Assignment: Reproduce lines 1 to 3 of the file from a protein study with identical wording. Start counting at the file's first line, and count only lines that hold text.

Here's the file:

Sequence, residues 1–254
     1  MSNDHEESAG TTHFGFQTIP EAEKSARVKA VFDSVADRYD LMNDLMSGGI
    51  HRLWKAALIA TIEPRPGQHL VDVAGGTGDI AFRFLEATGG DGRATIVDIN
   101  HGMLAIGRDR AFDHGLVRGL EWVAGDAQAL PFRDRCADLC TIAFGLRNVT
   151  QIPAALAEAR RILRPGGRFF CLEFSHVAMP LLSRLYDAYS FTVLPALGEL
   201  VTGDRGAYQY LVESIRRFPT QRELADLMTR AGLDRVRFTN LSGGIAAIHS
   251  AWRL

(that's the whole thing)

Sequence, residues 1–254
     1  MSNDHEESAG TTHFGFQTIP EAEKSARVKA VFDSVADRYD LMNDLMSGGI
    51  HRLWKAALIA TIEPRPGQHL VDVAGGTGDI AFRFLEATGG DGRATIVDIN